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NHS England and Public Health England have announced a three-year long clinical trial involving at least 10,000 participants to establish how to get the drugs to the right people, how popular it would be and for how long they would take PrEP.
It follows the recent Court of Appeal ruling that NHS England, alongside local authorities, has the power, although not the obligation, to fund the provision of PrEP.
The first phase of implementation will be the launch of a large scale clinical trial in early financial year 2017/18. Umbrella has welcomed the initiative and will be aiming to be involved in the trial.
Although the evidence around the clinical effectiveness of PrEP is strong, advice from Public Health England has highlighted significant outstanding implementation questions that should be answered prior to using PrEP in a sustained way on a substantial scale in England. These questions will be answered by the clinical trial, paving the way for full rollout.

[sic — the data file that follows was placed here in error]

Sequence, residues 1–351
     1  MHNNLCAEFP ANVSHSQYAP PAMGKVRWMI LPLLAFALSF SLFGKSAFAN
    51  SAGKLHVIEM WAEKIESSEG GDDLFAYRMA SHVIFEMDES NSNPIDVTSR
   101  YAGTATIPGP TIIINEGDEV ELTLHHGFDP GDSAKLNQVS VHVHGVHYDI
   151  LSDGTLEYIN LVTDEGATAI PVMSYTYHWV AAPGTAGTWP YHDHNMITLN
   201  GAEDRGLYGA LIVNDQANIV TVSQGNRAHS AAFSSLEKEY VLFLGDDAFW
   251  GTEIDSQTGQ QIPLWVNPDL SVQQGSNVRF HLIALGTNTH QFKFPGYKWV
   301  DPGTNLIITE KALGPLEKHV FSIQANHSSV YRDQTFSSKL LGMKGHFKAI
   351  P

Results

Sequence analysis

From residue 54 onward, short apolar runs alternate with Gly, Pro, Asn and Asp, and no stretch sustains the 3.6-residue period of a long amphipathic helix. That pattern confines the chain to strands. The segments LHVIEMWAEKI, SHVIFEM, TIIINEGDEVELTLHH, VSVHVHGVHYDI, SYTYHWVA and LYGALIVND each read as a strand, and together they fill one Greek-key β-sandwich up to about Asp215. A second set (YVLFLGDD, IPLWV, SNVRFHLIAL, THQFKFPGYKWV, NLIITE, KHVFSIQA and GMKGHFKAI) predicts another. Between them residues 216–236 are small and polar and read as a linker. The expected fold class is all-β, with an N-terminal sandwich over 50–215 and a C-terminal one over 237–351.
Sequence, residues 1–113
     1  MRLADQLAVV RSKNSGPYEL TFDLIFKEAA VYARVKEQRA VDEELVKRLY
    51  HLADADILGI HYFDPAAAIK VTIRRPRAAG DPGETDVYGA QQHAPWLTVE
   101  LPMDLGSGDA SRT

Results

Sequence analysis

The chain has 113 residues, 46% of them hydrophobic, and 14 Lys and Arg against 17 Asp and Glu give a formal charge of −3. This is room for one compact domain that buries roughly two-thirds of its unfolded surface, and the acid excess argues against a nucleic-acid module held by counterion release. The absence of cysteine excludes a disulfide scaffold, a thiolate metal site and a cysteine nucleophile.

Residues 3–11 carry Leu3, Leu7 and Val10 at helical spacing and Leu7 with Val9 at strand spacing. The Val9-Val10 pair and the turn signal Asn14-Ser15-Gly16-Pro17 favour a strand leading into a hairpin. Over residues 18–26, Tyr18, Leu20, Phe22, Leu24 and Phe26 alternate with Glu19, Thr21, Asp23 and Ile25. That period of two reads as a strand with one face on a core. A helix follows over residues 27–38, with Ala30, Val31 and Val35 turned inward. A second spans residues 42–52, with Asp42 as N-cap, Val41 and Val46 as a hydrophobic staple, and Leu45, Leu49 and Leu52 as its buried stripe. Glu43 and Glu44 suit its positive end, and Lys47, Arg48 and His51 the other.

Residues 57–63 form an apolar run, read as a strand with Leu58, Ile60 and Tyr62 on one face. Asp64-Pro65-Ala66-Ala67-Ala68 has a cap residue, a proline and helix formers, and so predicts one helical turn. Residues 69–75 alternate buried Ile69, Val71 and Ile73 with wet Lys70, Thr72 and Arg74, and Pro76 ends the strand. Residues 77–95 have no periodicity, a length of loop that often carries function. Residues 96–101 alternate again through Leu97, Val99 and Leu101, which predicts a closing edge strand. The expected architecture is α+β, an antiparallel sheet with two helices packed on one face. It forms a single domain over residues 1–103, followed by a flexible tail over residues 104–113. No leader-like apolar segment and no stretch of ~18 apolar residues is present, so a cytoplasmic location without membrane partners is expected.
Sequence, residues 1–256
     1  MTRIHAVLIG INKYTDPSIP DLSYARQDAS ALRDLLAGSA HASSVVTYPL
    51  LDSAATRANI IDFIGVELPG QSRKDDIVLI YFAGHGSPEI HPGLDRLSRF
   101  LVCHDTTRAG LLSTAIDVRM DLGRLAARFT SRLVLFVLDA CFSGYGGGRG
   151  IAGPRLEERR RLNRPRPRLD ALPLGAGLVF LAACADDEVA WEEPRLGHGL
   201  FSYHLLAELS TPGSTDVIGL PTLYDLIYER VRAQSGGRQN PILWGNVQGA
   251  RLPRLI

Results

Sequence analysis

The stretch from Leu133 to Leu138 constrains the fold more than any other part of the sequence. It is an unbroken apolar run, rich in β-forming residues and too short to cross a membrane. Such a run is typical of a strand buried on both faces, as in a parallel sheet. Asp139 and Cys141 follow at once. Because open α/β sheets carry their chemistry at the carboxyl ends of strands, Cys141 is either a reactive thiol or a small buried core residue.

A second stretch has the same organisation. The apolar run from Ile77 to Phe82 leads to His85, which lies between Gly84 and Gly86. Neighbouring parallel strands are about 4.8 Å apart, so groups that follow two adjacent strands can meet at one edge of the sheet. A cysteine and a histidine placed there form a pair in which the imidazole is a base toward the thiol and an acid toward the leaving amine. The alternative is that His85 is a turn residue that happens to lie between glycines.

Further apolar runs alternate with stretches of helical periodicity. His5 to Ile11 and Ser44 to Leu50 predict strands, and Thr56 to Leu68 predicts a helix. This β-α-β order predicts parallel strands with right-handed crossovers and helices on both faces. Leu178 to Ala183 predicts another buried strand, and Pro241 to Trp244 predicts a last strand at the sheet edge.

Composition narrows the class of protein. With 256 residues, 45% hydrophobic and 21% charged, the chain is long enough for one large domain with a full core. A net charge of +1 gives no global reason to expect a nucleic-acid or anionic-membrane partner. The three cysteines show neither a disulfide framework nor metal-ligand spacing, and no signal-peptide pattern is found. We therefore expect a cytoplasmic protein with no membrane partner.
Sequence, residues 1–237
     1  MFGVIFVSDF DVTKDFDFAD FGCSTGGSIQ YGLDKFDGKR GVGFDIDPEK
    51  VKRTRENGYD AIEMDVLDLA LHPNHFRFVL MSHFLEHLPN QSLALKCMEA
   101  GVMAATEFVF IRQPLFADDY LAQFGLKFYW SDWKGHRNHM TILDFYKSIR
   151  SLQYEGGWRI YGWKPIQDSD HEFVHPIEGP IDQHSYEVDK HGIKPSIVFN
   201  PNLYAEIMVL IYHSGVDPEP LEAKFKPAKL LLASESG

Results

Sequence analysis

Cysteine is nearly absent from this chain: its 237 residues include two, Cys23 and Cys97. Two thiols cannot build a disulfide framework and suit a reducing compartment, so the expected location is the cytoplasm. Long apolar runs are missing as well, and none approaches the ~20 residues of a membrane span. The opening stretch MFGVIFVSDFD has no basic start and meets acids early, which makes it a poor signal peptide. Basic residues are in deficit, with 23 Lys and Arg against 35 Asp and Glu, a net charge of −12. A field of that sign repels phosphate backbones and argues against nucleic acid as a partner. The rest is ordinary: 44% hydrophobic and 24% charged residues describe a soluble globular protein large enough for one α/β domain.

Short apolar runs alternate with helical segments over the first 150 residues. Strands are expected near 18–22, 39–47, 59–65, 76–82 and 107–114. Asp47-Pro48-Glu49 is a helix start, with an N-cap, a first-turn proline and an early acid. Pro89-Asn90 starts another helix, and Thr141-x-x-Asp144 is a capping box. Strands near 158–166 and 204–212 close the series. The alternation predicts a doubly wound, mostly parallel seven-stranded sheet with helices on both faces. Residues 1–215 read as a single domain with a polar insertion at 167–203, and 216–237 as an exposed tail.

No, Umbrella clinics don’t carry out cervical screening tests. Women aged 25 – 64 who are registered with a GP practice should receive a letter inviting them to have tests as required.
Yes, being wet and warm, the mouth provides the perfect environment for bacteria to grow. Infections such as gonorrhoea, chlamydia and herpes are all prime candidates.
Flavoured condoms and dental dams are designed to help prevent the transmission of STIs through oral sex. However, the majority of people choose not to use them.
If you suspect your partner may have had an infection or if you've developed a sore throat, or have unusual mucus/discharge in your mouth then it's worth visiting your local Umbrella clinic.
To be perfectly safe you should always use condoms and dental dams for oral sex.
Health workers have to keep anything you tell them private but they will usually encourage you to talk to your parent or carer.
If a health worker thinks there is a risk to your health, safety or welfare they might need to share your information with someone else. The risk would need to be serious and the health worker would usually discuss this with you first.
If it’s been less than 72 hours since the condom broke, you may be able to take medication that could keep you from getting infected with HIV, even if your partner is HIV-positive. This medication is called post-exposure prophylaxis after sexual exposure to HIV (PEPSE).
If it’s been longer than 72 hours, PEPSE will not protect you from HIV, and you will need to explore HIV testing options. In most cases, you will have to wait at least 2 weeks after possible exposure to infection before an HIV test can provide accurate results.